Credit: Matthew Emmons-USA TODAY Sports

QUICK OUT: Romo Prepared To Leave Danny White Comparisons Behind

Today’s average Cowboy fan probably never saw Danny White play.  For those fans, he was the QB who became the starter when Roger Staubach retired after the 1979 season.  Roger was a tough act to follow.  Staubach played in 4 Super Bowls (VI, X, XII, XIII) winning 2 of them and was named the MVP of the Cowboys first Super Bowl.

The reason White is even relevant is that our own Tony Romo is most often compared to Danny White (even I have made that comparison in the past).  Why?

Because Danny was at the helm of some really talented Cowboys teams, but he could never win the big game.  Sound familiar?

White led the Cowboys to three straight NFC Championship games and lost all 3.  In 1980, the Cowboys finished 2nd in the NFC East with a 12-4 record but lost to their division rival Eagles in the NFC Championship game 20-7 (the Eagles went on to lose to the Oakland Raiders in Super Bowl XV).  In 1981, the Cowboys won the NFC East with another 12-4 record and returned to the NFC Championship to play the 49ers.  This time Danny and the Cowboys were done in by Dwight Clark and “The Catch” and lost 28-27.  The 49ers went on to beat the Bengals 26-21 in Super Bowl XVI.  The strike shortened 1982 season saw the Cowboys finish with a 6-3 record and a #2 playoff seed out of 8 total playoff teams.  They again made it to the NFC Championship game but lost to the Redskins 31-17 (White was injured late in the 2nd quarter and was replaced by Gary Hogeboom).  Washington went on to beat Miami 27-17 in Super Bowl XVII.

Technically, Danny White could have immortalized himself by getting the Cowboys to 3 straight Super Bowls and potentially could have won at least one or two. Instead, he will always be remembered as a really talented QB who just couldn’t get the job done.  But, is the Romo comparison with White fair?  Let’s review their stats.

Danny White Tony Romo
College Arizona State Eastern Illinois
(Div I) (Div-IAA)
Drafted Dallas Cowboys UFA 2003
3rd Rnd, 1974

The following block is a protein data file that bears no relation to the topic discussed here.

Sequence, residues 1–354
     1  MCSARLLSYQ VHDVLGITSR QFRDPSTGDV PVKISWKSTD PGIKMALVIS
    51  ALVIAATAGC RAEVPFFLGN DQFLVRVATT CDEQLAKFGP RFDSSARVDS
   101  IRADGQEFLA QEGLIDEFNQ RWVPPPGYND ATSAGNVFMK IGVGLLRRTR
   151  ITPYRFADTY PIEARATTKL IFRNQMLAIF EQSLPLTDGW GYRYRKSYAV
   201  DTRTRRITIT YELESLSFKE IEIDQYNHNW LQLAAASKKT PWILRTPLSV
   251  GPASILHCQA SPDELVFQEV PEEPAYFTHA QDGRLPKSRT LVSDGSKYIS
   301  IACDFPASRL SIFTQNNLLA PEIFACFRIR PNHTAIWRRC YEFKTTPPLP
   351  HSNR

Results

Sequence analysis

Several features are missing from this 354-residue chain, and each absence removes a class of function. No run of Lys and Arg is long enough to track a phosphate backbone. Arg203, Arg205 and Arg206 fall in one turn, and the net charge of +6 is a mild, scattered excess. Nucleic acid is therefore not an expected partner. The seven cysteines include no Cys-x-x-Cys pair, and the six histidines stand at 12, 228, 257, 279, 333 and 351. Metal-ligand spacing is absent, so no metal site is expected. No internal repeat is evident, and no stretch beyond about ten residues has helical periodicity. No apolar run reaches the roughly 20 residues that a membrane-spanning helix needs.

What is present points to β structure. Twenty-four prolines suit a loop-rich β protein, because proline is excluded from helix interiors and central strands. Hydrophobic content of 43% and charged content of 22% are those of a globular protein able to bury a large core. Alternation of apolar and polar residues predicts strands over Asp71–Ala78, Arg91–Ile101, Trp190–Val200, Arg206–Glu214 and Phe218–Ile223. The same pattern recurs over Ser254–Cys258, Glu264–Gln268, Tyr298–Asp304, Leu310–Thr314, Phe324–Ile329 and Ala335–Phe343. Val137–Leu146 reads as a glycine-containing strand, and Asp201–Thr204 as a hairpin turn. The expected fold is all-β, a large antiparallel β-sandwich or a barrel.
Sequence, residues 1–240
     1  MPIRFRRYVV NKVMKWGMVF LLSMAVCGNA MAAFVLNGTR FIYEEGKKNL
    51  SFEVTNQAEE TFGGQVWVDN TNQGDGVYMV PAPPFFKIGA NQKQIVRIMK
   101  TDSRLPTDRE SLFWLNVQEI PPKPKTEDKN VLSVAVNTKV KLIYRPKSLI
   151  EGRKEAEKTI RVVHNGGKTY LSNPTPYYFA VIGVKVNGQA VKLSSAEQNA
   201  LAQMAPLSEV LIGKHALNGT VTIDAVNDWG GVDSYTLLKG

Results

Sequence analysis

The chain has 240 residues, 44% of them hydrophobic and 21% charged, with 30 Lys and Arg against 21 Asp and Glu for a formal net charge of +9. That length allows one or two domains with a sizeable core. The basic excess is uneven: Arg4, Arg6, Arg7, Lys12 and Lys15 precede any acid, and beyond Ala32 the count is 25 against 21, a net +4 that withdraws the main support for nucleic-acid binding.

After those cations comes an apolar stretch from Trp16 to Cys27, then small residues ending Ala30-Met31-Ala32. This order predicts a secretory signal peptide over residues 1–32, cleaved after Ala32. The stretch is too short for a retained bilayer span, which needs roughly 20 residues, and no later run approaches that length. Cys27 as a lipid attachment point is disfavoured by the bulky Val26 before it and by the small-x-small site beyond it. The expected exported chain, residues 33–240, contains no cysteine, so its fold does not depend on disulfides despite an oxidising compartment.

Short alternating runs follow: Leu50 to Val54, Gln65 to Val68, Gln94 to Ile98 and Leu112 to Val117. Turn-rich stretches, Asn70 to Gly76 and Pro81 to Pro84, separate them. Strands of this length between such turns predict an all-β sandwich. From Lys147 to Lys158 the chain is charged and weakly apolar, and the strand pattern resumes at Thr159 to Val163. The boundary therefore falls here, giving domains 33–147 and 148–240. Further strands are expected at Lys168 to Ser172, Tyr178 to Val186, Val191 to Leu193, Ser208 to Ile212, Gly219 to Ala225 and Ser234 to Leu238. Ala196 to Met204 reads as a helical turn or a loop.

NFL Career ’76 – ’88 ’03 – ’12
12 Years 9 Years (To Date)
*White signed with the Memphis Southmen out of college and played 2 years in the now defunct WFL Romo’s 1st season as a starter was in 2006
Retired Age 37 N/A (Age 33 Today)
Won/Loss Record 78-58 (.574) 64-48 (.571)
Career Passing Yds 21,259 25,737
Best Season 3,980 4,903
1983 2012
Career TDs 155 177
Best Season 29 36
1983 2007
Playoff Record 5-5 1-3

 

Reviewing these facts and figures, I’m not sure the comparison is fair to either one of them.  Statistically, Romo has already eclipsed Danny White’s numbers and his career isn’t done.  Granted it is a different, much more passing focused league today than it was in the “run to set up the pass” era White played in.  The one statistic where White clearly exceeds Romo is playoff games and wins.  Danny White may have lost 3 straight NFC Championship games but he at least got them into those games with playoff victories.  Romo has one playoff win – and that was in the wild card round.  He and his Cowboy teams haven’t even sniffed a Super Bowl (yet).

The simple truth is that this comparison will persist as long as Romo continues to implode in the glare of big games.  Until he can remove the “can’t win the big one” monkey off his back like he did the cyst this off season, he will be forever linked to Danny White.  Danny can’t do anything now about his legacy.  But, Romo still has a chance to make everyone forget the failures.  In my opinion, if he gets a little help from his offensive line and his running game, he can take this team to the promised land.  He has the talent and can overcome the big game failures.  Let’s hope it happens in 2013.  Go Cowboys!

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Tags: Dallas Cowboys Danny White Tony Romo

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